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Pompeo Secures Release Of 3 American Detainees In North Korea


Secretary of State Mike Pompeo is returning from North Korea after meeting with its leader, Kim Jong Un. Pompeo finalized plans for a summit between Kim and President Trump, who tweeted the news of this himself. Pompeo also secured the release of three Americans detained in North Korea, and they are flying back on Pompeo's plane. NPR's Anthony Kuhn joins us from Seoul. He's covering this.

Hi, Anthony.

ANTHONY KUHN, BYLINE: Hey there, David.

GREENE: Sounds like the secretary of state met some important objectives for this trip.

KUHN: Yeah. He did what he laid out for himself, what he said he was going to do. He wasn't sure he was going to meet with Kim Jong Un, but he did. They seem to have finalized a date and place for this summit, although they haven't announced it yet. And he also wasn't sure that he was going to come home with the American citizens who were imprisoned in North Korea, but he did say that had he not been able to do it, it would've been hard for the summit to go ahead with those men still locked up.

Now, it's interesting that we were getting details of all this from two American reporters who were accompanying Pompeo, but then towards the end, they went silent, and then President Trump tweeted out the news himself. And this news was greeted here in Seoul by South Korea's leadership, and they said it looks like a very good lead in to a U.S.-North Korea summit. And they also called on North Korea to release six of its citizens from South Korea who are detained in the North.

GREENE: OK, so we'll see if North Korea acts on that, as well. But the Americans who are on their way home with the secretary of state - can you remind us who they are?

KUHN: OK, they share some things in common. They're all U.S. citizens of Korean descent. They all share the same surname, Kim. They all have some sort of religious affiliation. One is a pastor. One is a self-described missionary. Two of them taught at this school called the Pyongyang University of Science and Technology, which was founded by evangelical Christians and teaches children of North Korean elites. And experts basically believe that these three were basically detained in order to serve as bargaining chips with the U.S. for North Korea, or even, in the event of a military conflict, human shields.

GREENE: Well, whatever they were detained for, it sounded like President Trump wanted to see this happen ahead of going forward with this summit. Now that these detainees are coming home, what does that tell us about this summit and the chances for it not just happening, but being some sort of success and seeing North Korea move on with some of these concessions that the U.S. wants?

KUHN: Well, this may change the U.S. perception of things a little bit. Going into this Pompeo meeting, they were very cautious about their expectations. They pointed out that as recently as New Year's Eve - a New Year's Eve address, Kim Jong Un said, we're going to make nuclear weapons and ways to deliver them to U.S. soil. So they were unsure of his intentions, and they spoke about denuclearization in a very different way. They said, North Korea's got to give up all these nukes before we lift sanctions or cut them any slack. But that's very different from how South Korea and China see it. They say you've got to give them something; you've got to let them make a move and then reward them for each thing they do.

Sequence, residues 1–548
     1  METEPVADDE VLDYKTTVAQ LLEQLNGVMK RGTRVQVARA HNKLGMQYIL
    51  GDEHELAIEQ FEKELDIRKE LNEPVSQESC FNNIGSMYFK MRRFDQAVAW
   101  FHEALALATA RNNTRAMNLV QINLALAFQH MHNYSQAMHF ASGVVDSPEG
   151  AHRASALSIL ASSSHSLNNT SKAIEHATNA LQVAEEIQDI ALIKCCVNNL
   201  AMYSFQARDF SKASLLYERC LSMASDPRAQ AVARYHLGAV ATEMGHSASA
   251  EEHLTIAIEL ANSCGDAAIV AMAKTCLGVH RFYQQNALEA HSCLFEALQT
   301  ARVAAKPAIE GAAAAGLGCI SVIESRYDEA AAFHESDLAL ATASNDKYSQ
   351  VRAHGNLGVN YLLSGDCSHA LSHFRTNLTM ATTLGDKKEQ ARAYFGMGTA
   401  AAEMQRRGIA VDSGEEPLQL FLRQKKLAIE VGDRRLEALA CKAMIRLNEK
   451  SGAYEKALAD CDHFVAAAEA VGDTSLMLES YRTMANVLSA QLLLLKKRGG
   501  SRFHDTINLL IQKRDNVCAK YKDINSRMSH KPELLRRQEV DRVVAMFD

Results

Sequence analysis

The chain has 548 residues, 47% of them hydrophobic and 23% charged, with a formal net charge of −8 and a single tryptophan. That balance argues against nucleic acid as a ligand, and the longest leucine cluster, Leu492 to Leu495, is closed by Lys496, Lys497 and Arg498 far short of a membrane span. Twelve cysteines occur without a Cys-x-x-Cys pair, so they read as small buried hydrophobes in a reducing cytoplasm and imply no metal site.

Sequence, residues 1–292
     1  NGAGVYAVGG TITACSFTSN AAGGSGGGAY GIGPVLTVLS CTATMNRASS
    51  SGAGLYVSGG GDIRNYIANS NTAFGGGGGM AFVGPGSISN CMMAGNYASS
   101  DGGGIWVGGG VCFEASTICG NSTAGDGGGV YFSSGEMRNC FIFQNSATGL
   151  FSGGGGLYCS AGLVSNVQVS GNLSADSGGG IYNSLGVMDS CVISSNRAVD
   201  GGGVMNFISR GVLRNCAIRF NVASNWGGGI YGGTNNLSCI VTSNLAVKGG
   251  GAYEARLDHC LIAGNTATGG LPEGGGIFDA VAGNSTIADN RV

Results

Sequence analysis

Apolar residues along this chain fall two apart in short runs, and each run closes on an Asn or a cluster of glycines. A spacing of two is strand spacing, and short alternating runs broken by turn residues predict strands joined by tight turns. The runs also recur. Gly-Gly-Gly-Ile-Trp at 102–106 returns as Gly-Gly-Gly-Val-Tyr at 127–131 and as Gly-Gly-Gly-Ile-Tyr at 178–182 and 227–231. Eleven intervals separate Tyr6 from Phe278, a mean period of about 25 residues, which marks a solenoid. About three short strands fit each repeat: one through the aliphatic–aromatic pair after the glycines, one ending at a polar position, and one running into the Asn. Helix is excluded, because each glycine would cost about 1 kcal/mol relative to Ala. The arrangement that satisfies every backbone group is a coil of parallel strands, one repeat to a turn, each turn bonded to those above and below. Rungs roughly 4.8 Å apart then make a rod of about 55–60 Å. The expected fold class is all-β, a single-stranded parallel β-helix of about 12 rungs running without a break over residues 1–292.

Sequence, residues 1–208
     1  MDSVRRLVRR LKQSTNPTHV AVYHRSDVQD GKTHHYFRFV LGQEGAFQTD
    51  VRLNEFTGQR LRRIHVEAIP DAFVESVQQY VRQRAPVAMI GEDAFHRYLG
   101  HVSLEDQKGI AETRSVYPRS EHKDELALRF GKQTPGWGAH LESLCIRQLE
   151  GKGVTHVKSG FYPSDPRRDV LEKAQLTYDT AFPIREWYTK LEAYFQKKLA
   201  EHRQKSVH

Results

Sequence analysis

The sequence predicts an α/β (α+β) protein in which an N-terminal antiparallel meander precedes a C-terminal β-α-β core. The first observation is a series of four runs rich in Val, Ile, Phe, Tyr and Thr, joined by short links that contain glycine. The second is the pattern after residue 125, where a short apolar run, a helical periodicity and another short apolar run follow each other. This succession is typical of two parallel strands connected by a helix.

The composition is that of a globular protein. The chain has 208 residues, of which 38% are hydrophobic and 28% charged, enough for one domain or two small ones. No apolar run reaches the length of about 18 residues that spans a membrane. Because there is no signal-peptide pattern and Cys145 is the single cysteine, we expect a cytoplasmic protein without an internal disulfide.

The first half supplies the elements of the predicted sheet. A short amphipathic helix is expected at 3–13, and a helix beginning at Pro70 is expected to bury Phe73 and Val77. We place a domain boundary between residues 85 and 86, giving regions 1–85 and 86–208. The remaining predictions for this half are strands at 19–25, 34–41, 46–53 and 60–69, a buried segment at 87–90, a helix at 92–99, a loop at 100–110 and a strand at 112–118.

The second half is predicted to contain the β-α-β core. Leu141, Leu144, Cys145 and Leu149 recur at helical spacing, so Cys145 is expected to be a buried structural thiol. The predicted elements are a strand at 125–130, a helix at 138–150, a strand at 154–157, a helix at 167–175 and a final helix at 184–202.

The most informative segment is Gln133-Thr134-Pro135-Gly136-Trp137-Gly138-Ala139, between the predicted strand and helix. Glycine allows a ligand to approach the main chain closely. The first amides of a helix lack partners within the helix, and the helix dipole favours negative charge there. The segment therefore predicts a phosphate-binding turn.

GREENE: And Anthony, we should say that this trip by Pompeo to North Korea - I mean, it's part of what sounds like it's a real diplomatic frenzy in the region over the past 24 hours or so.

KUHN: So much has been going on. In the past 24 hours, we've also seen Kim Jong Un meeting with Xi Jinping in China, his second trip there already. Xi Jinping called President Trump, and the prime ministers of China, South Korea and Japan all met to sort of coordinate their positions. And probably the best thing to come out of this was that Kim Jong Un restated his intention, saying, you know, if the U.S. removes its hostile policies and its threats, we do not need to remain a nuclear nation.

GREENE: All right, I just want to restate the news for our listeners, Anthony, that this summit between North Korea and the United States - President Trump and Kim - that date and time and place set, but not announced yet. And Mike Pompeo, the secretary of state, is on his way home with three Americans who were detained by North Korea. Speaking with NPR's Anthony Kuhn in Seoul. Thanks, Anthony.

KUHN: Sure thing, David. Transcript provided by NPR, Copyright NPR.

David Greene is an award-winning journalist and New York Times best-selling author. He is a host of NPR's Morning Edition, the most listened-to radio news program in the United States, and also of NPR's popular morning news podcast, Up First.
Anthony Kuhn is NPR's correspondent based in Seoul, South Korea, reporting on the Korean Peninsula, Japan, and the great diversity of Asia's countries and cultures. Before moving to Seoul in 2018, he traveled to the region to cover major stories including the North Korean nuclear crisis and the Fukushima earthquake and nuclear disaster.